Cell Signaling Responses to Low-Dose Radiation

Study shows protein moves to nucleus, helps irradiated cells survive.

Image courtesy of Thomas Weber, Pacific Northwest National Laboratory
Using fluorescence microscopy, researchers observed the location of annexin A2 protein within cells under normal conditions (left) and after irradiation (right), which caused a majority of the proteins to relocate to the nucleus.

The Science

Understanding the potential effects of low doses of ionizing radiation on human health requires knowledge of how it influences biology at the tissue level. One key question is how irradiated cells communicate to their neighbors.

The Impact

These results could lead to new, targeted approaches in therapies directed at regulating radiation-induced cell death.


Scientists at Pacific Northwest National Laboratory are working to define signaling pathways activated by low doses of radiation. Their previous studies found that the protein annexin A2 is involved in the malignant transformation of cultured mouse epidermal cells by radiation. The researchers now demonstrate that both high and low doses of ionizing radiation increase A2 annexin levels in the nuclei of human and mouse monolayer cultures and in a human skin tissue model, thus supporting a conserved nuclear function for annexin A2. Whole-genome expression profiling in the presence and absence of annexin A2 identified altered transcriptional programming that changes the radioresponsive transcriptome. Bioinformatics predicted that silencing A2 may enhance cell death responses to stress associated with reduced activation of survival signals. The researchers validated the prediction by demonstrating that the A2-silenced cells were more likely than control cells to die after treatment with tumor necrosis factor alpha. Collectively, the data suggest that annexin A2 functions to regulate cell fate, which could impact the biological response to radiation.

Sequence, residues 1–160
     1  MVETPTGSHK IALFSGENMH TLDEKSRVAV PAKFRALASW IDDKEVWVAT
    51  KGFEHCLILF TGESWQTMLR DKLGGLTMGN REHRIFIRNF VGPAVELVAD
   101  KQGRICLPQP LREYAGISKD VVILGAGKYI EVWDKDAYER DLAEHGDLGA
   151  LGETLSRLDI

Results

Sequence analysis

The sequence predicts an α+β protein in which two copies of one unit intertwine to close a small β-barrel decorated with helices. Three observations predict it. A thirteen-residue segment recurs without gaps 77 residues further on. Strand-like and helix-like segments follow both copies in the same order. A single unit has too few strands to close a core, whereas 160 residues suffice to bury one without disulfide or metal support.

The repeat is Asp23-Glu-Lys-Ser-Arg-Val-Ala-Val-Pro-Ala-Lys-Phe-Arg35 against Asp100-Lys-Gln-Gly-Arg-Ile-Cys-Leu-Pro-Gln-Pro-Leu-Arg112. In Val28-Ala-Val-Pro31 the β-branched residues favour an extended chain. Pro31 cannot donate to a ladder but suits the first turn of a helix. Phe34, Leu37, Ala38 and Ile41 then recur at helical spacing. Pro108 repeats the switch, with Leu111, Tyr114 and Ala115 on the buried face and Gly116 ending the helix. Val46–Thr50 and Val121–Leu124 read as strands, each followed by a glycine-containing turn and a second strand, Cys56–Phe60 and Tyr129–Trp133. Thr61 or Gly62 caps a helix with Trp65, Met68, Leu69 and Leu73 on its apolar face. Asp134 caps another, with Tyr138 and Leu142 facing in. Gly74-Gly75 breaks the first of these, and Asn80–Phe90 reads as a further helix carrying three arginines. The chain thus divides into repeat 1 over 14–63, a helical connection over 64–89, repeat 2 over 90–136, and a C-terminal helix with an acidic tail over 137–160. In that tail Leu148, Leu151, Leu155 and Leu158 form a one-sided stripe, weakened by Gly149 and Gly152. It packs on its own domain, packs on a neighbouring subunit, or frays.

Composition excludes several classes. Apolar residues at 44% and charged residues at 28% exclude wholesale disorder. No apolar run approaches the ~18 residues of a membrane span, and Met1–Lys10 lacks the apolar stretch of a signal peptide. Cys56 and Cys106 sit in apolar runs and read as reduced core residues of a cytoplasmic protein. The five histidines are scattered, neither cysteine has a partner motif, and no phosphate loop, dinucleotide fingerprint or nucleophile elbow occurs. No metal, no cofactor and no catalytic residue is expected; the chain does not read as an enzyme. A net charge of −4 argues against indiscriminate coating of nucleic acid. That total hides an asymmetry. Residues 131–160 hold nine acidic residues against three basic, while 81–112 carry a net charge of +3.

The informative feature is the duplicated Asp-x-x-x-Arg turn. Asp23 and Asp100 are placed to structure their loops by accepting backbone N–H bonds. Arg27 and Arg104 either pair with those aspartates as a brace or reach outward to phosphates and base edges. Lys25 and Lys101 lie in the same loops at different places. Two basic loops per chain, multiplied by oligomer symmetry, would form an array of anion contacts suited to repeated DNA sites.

Thomas J. Weber
Cell Biology and Biochemistry, Pacific Northwest National Laboratory, 902 Battelle Blvd., J4-02, Richland, WA 99352


This work was supported by the Office of Biological and Environmental Research (BER) within the U.S. Department of Energy (DE-AC06-76RLO) and the National Aeronautics and Space Administration (NNX10AB06G).


Waters, K.M., et al. “Annexin A2 modulates radiation-sensitive transcriptional programming and cell fate.” Radiat. Res. 179, 53–61 (2013). [DOI: 10.1667/RR3056.1].

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Program: BER , BSSD

Performer: DOE Laboratory